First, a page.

According to the U.S. Food and Drug Administration, half of rare diseases are found in children, yet there is much that scientists still don’t know about the underlying mechanisms driving disease and tissue development in young patients. A $3 million grant from the Chan Zuckerberg Initiative, awarded to a team of researchers led by Monkol Lek, PhD, assistant professor of genetics at Yale, will help uncover these processes as they pertain to skeletal muscle in children at the single-cell level. The grant will support Lek and his team in creating a Pediatric Cell Atlas of Skeletal Muscle — a roadmap of healthy skeletal cells and how they change at four key age group milestones between the ages of zero and 18 years.
In addition to Yale New Haven Hospital, other institutions involved in this initiative include Cornell and major children’s hospitals in the U.S., including Children’s National Hospital in Washington, D.C. All sites will be involved in tissue collection, one of the most challenging aspects of the effort, says Lek. The researchers need skeletal tissue samples from healthy individuals via biopsy. In order to obtain these, he says, they will sample from children previously suspected of having a muscle disease. The team will also use tissues from existing hospital biobanks and autopsies.
A key goal of this effort, says Lek, is to make sure the samples represent a diverse patient population. “All the research to date has lacked diversity,” says Lek. “If we’re creating a single-cell atlas, we want it to be representative of all people, so we were careful to select tissue resources that were reflective of the broader United States.”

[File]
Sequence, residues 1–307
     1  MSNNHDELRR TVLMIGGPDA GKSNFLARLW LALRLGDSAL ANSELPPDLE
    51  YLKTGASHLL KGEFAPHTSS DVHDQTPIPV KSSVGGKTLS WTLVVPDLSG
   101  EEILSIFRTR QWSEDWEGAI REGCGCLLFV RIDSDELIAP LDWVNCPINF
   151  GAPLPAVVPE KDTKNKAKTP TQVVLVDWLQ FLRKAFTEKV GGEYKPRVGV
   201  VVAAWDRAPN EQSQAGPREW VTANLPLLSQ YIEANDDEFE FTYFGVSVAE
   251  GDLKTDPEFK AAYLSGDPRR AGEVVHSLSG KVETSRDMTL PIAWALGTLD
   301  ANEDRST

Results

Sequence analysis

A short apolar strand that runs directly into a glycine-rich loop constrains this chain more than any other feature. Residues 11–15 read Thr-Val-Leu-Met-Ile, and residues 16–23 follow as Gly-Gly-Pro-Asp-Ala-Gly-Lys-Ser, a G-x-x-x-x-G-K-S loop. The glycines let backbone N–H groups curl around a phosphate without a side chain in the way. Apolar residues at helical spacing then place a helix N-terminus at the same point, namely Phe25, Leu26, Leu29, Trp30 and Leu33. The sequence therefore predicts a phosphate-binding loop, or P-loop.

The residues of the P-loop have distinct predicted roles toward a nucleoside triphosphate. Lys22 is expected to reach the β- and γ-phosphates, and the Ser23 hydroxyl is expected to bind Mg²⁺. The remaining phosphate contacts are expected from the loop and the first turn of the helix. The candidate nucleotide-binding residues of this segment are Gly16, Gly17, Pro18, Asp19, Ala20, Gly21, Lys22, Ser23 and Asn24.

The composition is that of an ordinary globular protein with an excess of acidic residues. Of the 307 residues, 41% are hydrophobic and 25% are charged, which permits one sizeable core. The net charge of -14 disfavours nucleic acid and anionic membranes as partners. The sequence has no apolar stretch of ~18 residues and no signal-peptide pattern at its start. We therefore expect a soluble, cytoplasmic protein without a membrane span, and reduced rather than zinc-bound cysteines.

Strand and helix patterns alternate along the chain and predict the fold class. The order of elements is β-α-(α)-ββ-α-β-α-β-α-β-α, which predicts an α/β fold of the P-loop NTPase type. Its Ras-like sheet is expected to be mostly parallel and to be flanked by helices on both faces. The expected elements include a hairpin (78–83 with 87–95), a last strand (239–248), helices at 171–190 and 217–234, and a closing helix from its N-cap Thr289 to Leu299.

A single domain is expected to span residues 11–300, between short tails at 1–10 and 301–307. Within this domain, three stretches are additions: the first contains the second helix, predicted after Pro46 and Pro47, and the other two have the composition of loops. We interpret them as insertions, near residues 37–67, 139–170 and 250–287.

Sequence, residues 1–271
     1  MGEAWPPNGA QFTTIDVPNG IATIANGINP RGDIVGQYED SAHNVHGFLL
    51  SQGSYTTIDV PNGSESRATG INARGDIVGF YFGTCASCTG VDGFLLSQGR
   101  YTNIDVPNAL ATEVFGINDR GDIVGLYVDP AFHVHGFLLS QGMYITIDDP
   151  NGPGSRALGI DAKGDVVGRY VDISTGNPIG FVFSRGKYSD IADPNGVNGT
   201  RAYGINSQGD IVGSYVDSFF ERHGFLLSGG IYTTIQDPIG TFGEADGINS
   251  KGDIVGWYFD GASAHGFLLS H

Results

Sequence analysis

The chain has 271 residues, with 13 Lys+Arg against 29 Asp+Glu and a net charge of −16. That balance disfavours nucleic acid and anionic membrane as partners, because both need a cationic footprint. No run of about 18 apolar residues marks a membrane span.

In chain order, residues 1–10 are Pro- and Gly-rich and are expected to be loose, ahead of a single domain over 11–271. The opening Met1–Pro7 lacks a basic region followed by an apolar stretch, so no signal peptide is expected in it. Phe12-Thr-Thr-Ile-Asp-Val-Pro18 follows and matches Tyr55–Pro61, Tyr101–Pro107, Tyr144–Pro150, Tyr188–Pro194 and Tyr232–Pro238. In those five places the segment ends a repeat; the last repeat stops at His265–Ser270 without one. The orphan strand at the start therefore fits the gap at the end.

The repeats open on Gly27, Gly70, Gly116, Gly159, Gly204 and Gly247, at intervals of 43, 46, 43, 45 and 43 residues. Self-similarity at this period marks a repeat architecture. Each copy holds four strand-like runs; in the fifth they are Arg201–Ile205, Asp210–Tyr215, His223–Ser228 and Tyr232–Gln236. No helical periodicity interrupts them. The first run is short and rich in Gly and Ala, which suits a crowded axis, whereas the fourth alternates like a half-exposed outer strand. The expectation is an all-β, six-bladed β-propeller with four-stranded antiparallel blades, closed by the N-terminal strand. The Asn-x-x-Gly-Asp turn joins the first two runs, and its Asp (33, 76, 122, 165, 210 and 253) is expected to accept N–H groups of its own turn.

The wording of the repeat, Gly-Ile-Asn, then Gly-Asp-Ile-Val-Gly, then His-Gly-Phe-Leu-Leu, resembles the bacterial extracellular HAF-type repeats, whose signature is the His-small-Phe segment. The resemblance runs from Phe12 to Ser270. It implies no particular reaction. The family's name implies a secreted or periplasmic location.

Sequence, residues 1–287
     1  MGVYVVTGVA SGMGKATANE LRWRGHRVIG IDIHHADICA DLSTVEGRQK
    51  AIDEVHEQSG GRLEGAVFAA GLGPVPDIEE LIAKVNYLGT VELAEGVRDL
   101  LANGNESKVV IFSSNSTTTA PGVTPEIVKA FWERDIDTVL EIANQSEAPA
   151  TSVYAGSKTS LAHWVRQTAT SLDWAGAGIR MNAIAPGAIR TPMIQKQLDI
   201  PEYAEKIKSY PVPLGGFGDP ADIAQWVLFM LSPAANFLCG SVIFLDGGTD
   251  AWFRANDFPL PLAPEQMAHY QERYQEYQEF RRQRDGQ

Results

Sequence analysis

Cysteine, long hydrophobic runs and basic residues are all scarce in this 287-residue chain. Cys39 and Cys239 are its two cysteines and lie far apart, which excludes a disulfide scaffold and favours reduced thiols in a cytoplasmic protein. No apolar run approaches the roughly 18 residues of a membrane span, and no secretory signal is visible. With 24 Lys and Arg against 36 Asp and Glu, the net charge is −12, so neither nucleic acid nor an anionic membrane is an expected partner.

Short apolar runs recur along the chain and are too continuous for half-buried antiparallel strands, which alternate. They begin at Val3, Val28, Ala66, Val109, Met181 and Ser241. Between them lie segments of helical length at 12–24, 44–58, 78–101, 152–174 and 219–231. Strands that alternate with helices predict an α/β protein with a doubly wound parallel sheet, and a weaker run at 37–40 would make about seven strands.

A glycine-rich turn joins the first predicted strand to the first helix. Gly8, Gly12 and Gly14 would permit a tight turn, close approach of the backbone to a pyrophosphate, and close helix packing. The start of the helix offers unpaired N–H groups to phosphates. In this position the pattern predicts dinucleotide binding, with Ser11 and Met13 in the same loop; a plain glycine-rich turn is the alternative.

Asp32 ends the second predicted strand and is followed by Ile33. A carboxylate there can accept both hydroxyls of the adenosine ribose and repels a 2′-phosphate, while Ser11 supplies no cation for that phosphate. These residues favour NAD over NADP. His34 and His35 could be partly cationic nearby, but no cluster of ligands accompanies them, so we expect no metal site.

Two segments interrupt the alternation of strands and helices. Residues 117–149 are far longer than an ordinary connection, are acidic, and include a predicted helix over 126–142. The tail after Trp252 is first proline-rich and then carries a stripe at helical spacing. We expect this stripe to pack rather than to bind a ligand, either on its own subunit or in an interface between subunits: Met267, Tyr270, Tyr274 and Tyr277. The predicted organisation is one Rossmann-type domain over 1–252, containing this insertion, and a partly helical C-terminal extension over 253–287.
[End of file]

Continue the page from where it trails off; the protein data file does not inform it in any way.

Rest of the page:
Lek’s interest in studying skeletal muscle diseases began nearly two decades ago when he worked as an engineer at IBM and discovered that he had a rare disease called limb-girdle muscular dystrophy, which causes a progressive weakening of the limbs, shoulder, and hip muscles. Lek’s journey to better understand and treat his condition led him to a PhD in medicine with a focus on genetics. His own experience gives him a rare insight into the urgency of understanding and treating rare diseases.
“I live in pain every day,” Lek says. “Not just physical, but psychological. If you study your own disease, you know your fate. The more I know, the less hope I have.”
Lek knows first-hand the importance of understanding the mechanisms of rare diseases like his at the most basic, single-cell level, to uncover how cells change during the aging process, and which cells will be most receptive to new therapies. “I think about the long term, not just the project,” says Lek. “I want to make a contribution to the paradigm shift. To discover what genes and mutations cause disease and address the genetic root cause. I hope to create custom designed, scalable therapies for each patient and to find a funding model that allows treatment to be accessible to all patients.”
If we’re creating a single-cell atlas, we want it to be representative of all people, so we were careful to select tissue resources that were reflective of the broader United States.
Lek’s disease shares a key characteristic with other rare diseases of the muscular system, including other forms of muscular dystrophy — symptoms are triggered when a person reaches a certain age. The Single Cell Atlas will help bring clarity to how childhood development triggers this process, and why various diseases affect particular muscles first.
“MRIs taken of patients with genetic muscle disease tell us that wasting happens differently in different muscles,” Lek says. “We see that consistently across patients.” The Pediatric Cell Atlas of Healthy Skeletal Muscle is expected to take three years. Once completed, researchers will join their findings with those of the existing Human Cell Atlas to strengthen future disease studies.